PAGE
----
Sept. 26, 2016
In 2014, a widely shared youtube video recorded a dispute between tech bros in San Francisco’s Mission District and local youth over the use of a public soccer field. The tech bros insisted on their entitlement to use the field exclusively for 1-hour by presenting a San Francisco Recreation and Parks Department permit that for the cost $27 would reinforce their claim. The permit’s legitimacy was contested by the youth who countered that in the local custom, the field had never been “booked,” and thus could not be “booked” now simply because one possessed a permit. The tech bros’ incredulity that the document they held—in this case, a banal graphic design artifact that facilitates the governance of space—did not possess the legitimacy to back their claim is this text’s object of inquiry.
I would like to use this incident to open a consideration of the extent to which graphic design has been mobilized as an instrument of statemaking, and via colonization, impose a normative universalization of its logic. The park permit, as a graphic artifact, with its attendant references to maps and legislation, and to the extent that it enables a presumption of the legitimacy of its issuing agency and the claims of its holders, supplies a lens through which the persistence of colonial dispossession can be apprehended in its most banal forms, and hopefully, can inversely contribute to articulating possibilities of subversion.
Copyright and intellectual property are sensitive issues among designers. If someone infringes or rips off their work or style, fundamental questions of intellectual property tend to be raised. While other realms of art, interlinked with democratized technology, focus on sharing their culture and information with the public, designers are concerned about building boundaries — Nobody can achieve their unique identities.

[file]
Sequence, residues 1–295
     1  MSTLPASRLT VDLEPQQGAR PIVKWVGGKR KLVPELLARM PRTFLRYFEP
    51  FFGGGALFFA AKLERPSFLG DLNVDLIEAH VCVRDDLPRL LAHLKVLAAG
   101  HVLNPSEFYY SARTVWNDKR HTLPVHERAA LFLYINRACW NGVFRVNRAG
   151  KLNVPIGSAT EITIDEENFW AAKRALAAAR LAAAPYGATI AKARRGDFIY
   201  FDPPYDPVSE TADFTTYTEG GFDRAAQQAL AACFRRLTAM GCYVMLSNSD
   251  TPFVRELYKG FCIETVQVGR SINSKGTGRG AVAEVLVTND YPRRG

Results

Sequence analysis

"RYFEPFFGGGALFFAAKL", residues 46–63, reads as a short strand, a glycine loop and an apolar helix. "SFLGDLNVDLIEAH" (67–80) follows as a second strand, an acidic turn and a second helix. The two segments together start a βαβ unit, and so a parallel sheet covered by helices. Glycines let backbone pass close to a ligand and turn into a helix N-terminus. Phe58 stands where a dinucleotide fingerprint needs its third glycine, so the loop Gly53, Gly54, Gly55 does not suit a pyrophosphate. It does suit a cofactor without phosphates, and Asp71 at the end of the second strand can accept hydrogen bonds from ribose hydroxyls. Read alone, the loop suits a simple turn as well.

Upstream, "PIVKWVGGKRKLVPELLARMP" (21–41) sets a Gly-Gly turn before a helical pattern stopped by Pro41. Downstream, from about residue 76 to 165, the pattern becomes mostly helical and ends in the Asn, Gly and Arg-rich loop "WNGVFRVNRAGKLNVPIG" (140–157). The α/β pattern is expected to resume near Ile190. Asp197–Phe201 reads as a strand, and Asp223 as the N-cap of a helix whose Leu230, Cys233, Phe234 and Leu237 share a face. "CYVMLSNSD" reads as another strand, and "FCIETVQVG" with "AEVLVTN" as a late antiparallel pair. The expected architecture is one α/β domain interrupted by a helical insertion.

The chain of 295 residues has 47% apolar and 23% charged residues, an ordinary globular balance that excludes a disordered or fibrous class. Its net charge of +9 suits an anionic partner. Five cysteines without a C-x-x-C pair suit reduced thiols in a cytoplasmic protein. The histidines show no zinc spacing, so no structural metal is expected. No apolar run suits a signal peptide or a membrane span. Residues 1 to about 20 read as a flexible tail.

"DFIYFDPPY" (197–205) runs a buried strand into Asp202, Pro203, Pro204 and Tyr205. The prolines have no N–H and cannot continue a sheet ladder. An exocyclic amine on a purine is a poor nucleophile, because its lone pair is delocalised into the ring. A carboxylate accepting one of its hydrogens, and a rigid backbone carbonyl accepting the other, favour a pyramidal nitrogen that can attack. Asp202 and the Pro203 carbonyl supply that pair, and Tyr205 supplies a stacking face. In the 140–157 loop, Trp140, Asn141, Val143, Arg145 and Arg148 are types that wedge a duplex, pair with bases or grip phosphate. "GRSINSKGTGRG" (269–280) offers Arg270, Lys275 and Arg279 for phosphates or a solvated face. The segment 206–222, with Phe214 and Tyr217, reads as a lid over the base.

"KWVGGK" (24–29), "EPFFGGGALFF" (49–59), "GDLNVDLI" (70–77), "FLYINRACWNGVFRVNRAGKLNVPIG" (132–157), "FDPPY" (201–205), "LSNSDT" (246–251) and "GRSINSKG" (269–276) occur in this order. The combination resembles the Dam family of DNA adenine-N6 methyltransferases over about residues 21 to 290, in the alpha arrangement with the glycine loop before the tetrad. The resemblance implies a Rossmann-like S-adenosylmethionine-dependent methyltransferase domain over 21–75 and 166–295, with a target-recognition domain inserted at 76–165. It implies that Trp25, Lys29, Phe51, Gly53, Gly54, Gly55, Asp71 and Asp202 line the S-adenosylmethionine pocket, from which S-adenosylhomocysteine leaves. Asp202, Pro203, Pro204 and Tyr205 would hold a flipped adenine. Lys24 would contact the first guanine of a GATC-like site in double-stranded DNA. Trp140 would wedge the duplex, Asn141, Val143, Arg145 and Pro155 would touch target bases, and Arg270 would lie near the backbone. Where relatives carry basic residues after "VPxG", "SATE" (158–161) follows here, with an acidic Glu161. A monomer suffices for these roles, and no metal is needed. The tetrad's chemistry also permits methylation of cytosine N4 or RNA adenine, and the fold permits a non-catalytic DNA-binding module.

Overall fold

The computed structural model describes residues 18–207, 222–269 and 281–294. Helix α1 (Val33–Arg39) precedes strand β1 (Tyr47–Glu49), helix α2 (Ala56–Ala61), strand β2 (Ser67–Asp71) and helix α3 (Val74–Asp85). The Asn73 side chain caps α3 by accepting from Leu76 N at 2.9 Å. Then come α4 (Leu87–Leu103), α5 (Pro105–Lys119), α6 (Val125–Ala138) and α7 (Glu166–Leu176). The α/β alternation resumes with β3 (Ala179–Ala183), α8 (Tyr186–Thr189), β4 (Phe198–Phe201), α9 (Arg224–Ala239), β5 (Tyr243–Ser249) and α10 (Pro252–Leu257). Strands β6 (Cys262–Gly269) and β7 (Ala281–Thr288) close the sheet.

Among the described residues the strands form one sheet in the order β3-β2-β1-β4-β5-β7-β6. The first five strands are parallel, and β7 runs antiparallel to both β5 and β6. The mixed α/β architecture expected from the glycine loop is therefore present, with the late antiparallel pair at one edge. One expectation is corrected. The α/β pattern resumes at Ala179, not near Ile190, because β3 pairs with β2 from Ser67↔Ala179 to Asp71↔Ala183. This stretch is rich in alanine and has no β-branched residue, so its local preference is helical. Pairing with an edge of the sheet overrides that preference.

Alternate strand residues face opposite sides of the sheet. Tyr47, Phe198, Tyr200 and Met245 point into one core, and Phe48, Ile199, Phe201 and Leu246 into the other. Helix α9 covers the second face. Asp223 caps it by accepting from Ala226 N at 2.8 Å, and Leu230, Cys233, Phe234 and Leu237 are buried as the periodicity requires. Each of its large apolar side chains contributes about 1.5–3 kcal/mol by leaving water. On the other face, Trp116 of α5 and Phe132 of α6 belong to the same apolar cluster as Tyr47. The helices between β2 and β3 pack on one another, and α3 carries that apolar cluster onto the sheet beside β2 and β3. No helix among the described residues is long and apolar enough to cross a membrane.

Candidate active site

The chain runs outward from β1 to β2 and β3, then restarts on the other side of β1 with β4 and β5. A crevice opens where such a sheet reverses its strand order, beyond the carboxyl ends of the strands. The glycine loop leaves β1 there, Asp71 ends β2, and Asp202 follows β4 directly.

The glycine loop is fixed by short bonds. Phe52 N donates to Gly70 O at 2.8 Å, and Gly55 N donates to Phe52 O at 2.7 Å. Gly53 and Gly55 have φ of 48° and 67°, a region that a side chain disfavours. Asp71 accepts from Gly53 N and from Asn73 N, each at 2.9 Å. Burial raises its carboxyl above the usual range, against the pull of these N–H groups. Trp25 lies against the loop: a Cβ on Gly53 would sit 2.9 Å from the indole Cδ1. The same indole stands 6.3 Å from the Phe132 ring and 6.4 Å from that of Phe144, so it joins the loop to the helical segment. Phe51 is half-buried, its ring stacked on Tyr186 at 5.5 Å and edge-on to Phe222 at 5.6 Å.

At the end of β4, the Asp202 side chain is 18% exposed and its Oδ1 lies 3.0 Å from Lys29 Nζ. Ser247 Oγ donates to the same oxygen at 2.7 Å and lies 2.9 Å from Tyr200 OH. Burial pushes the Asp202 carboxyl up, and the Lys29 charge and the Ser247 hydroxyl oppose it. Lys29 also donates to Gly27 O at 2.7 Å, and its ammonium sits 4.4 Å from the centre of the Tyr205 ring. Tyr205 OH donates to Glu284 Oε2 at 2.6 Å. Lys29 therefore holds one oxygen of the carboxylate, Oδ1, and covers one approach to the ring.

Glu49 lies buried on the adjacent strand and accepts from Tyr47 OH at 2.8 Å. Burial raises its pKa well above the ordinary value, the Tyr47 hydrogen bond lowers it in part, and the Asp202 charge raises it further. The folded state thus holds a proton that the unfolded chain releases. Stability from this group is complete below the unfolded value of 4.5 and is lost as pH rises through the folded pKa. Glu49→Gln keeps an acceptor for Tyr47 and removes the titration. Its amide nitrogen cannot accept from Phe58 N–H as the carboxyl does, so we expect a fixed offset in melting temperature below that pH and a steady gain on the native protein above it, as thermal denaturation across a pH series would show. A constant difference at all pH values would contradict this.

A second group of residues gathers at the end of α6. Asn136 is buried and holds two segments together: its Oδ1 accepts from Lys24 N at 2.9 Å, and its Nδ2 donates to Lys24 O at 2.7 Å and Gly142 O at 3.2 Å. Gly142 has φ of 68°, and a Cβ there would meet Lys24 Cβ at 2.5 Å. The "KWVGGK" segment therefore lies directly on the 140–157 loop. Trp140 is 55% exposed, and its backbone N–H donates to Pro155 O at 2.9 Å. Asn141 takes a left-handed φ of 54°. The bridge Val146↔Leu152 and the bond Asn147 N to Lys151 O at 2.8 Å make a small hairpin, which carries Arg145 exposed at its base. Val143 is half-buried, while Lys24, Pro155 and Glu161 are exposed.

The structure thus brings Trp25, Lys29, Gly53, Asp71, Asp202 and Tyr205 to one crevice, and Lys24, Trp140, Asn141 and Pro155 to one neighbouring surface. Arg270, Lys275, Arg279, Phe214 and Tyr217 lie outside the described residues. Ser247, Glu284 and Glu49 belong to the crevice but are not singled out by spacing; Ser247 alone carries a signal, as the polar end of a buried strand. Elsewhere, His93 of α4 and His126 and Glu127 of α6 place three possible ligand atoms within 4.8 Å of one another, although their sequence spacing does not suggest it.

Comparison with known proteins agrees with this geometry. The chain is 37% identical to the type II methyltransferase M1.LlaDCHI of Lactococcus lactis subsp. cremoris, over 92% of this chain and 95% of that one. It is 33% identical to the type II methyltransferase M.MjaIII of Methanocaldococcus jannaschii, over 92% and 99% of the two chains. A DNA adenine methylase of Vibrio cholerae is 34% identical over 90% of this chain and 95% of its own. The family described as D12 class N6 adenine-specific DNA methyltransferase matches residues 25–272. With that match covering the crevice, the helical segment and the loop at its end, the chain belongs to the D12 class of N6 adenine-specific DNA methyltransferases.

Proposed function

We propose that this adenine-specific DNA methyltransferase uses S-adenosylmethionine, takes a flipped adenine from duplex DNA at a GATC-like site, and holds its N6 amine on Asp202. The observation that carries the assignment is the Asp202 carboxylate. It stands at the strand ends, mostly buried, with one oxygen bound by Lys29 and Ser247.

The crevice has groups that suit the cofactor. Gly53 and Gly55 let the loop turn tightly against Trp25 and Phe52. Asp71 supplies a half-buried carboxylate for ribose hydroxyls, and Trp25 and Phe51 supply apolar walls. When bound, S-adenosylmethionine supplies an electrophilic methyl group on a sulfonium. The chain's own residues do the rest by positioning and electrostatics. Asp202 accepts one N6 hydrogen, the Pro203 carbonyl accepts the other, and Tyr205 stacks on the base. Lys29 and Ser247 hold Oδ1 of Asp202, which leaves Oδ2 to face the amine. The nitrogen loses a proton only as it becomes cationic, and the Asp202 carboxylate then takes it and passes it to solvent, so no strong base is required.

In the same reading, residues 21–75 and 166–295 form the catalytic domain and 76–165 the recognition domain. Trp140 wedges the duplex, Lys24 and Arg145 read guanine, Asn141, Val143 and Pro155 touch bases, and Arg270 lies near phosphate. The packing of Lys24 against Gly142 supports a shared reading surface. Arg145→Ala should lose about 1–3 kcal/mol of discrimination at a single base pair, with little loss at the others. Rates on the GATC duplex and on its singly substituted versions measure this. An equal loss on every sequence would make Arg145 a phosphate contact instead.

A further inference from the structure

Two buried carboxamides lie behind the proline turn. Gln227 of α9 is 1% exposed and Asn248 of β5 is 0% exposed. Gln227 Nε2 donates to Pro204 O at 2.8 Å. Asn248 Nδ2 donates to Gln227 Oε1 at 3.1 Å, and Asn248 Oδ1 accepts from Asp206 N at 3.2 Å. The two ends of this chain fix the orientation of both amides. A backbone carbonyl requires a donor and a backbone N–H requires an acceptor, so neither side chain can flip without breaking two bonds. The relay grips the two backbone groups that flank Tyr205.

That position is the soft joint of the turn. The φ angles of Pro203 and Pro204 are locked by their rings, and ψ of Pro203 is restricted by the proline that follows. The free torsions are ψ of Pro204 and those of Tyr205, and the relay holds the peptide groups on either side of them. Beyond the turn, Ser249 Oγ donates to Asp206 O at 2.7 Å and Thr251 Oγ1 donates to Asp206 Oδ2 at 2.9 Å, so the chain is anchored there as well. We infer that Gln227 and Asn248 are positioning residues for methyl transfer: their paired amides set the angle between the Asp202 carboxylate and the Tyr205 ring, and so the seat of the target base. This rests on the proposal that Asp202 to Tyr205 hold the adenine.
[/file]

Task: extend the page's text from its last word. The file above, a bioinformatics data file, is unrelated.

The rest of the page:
However, more and more, while designers see copyright and intellectual property as a vital issue, they also need to see where they have been in the commons. With this query, my essay will examine how we can build the commons together especially in the digital era focusing on the ideas of autonomy and multitude which go beyond the simple notion of the private space and the public space.
It seems designers can’t get out of the notion that designing is a creative and individual task. Because of its strong obsession for visual effects, the complexity of its production and distribution in design also seems slimmed down into only its skin. As Jan van Toorn once elaborated, is it because the misconception of designer’s position in a market economy leads them to discomfort whenever they need to be brought up to critical parts?  Or is it because of the tendency which designers tend to be their own best audiences? Susan Buck-Morss once pointed out that our individual successes to have privileges as educational and cultural producers feeds the privileged ideology. 
With the advent of the internet, the digital age has changed people’s minds. Our notion of what a creator is has also shifted to the idea that creativity not only occurs alone, but it is produced when we communicate with each other. Today, people generate new meanings by using and sharing other people’s works and the information which circulates on the internet. These acts question the concept of common, which goes beyond the stale boundary of intellectual property. Conversely, some corporations and companies — those which monopolize the mass media — have choked people to control due to its attribute of the difficulty of controlling. Naturally, with this phenomenon, we wonder where designers position themselves.